Pamela M. McInnes Named NCATS Deputy Director
News Dec 04, 2013
Pamela M. McInnes, D.D.S., has been named deputy director of the National Center for Advancing Translational Sciences (NCATS), part of the National Institutes of Health.
McInnes currently serves as director of the Division of Extramural Research at the National Institute of Dental and Craniofacial Research (NIDCR). She will join NCATS in January 2014.
"I am thrilled that Pamela is joining the NCATS leadership team. Her expertise in translational and clinical research coupled with her extensive extramural management experience, and her record of accomplishment in trans-NIH and public-private collaborations, make her an ideal fit as our deputy director," said NCATS Director Christopher P. Austin, M.D.
Austin continued, "Her recruitment is a key milestone in our building the NCATS organization into a catalyst for transformational change in translational science, getting new treatments to more patients more quickly."
At NIDCR, McInnes was responsible for all of the institute's extramural research, which ranges from basic through clinical research, including large and complex clinical and population-based trials. She is committed to the rigorous and robust conduct of clinical trials that adhere to the highest standards for human subject protection and data integrity.
Her work in translational sciences has led to numerous product development and clinical evaluation programs, and she is involved actively with the broader extramural research community in efforts to reduce morbidity and mortality attributable to a large spectrum of diseases and disorders.
"I am excited to join NCATS, which is uniquely focused on solving translational process problems that aren't a primary focus of disease-oriented programs," McInnes said. "I look forward to collaborating with stakeholders in the government, academia, patient organizations and the private sector to revolutionize the way translational research is conducted nationwide."
Prior to her time at NIDCR, McInnes spent 16 years at the NIH's National Institute of Allergy and Infectious Diseases (NIAID), where she served in many capacities, including deputy director for its Division of Microbiology and Infectious Diseases.
In this role, she oversaw extramural research branch programs in infectious diseases and microbiology. She concurrently served as associate director for clinical research and had responsibility for the reorganization and oversight of the complex and diverse Divisional Clinical Research Program.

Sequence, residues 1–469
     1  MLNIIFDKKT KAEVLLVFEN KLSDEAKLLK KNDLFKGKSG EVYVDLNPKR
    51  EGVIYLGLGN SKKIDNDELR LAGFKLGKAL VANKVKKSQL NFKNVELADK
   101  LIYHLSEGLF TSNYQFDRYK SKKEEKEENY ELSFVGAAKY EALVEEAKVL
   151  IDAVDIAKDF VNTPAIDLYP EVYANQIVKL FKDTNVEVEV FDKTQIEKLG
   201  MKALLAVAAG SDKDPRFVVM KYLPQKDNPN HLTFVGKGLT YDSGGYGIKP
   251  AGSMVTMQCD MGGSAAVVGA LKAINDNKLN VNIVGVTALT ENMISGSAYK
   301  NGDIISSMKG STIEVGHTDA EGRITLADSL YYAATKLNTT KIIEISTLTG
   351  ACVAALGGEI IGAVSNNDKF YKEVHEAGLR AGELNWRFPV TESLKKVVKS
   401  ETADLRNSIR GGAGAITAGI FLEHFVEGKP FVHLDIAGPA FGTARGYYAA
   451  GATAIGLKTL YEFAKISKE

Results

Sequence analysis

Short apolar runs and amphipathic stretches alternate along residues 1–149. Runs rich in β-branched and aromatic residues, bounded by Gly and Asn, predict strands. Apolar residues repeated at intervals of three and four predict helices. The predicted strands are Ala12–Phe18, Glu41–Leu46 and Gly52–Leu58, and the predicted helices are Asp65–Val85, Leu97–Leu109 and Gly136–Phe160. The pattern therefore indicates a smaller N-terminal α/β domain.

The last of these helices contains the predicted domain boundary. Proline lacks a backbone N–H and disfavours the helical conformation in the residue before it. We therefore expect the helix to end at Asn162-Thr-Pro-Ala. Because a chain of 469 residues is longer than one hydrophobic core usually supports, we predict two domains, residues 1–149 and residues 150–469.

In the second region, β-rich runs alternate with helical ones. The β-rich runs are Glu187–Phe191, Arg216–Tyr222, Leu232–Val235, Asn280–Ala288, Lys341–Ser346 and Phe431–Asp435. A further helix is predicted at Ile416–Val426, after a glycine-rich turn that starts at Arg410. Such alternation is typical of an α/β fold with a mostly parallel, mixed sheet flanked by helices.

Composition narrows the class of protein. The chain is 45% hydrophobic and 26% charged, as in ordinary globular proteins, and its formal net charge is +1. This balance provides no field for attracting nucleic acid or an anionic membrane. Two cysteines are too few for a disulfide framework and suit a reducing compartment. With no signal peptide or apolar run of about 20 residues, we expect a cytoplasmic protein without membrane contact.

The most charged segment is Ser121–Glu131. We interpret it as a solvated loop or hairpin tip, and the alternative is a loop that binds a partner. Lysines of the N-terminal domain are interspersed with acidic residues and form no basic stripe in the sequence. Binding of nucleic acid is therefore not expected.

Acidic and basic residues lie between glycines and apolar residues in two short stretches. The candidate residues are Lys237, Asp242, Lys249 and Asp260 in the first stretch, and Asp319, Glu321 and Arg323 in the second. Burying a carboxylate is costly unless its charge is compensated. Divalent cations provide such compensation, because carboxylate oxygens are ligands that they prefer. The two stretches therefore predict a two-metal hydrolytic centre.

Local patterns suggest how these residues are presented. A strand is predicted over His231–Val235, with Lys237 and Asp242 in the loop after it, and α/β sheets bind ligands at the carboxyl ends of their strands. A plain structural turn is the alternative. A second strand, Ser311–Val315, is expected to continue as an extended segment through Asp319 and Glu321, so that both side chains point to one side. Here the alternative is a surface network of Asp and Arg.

Her work on contract awards to develop recombinant RPA anthrax vaccines and attenuated smallpox vaccines required extensive collaboration and interactions with the Food and Drug Administration, Department of Defense, and Centers for Disease Control and Prevention.
Another of her many accomplishments at NIAID was oversight of the scientific design and programmatic implementation of its Challenge Grant Program.
The goal of this initiative was to promote joint ventures between NIH and biotechnology, pharmaceutical and medical device industries to reduce significantly the impact of infectious diseases nationally and worldwide.
The author of more than 40 peer-reviewed articles and five books, McInnes first joined NIH in 1989 as a grants associate for its Office of Extramural Programs in the Office of the Director.
Before coming to NIH, she served in academic and consulting roles at the Louisiana State University Medical Center, Shreveport.
McInnes earned her D.D.S. and M.S. degrees from the University of the Witwatersrand, in Johannesburg, where she also lectured prior to coming to the United States.
PPD and Quotient Sciences Form Innovative Partnership to Accelerate Pediatric Drug DevelopmentNews
Will shorten timelines, reduce costs and simplify contracting process in pediatric programs.READ MORE
Safety and Efficacy of MERS Treatment Confirmed in Phase I TrialNews
An experimental treatment developed from cattle plasma for Middle East respiratory syndrome (MERS) coronavirus infection shows broad potential, according to a small clinical trial. The treatment, SAB-301, was safe and well tolerated by healthy volunteers, with only minor reactions documented.READ MORE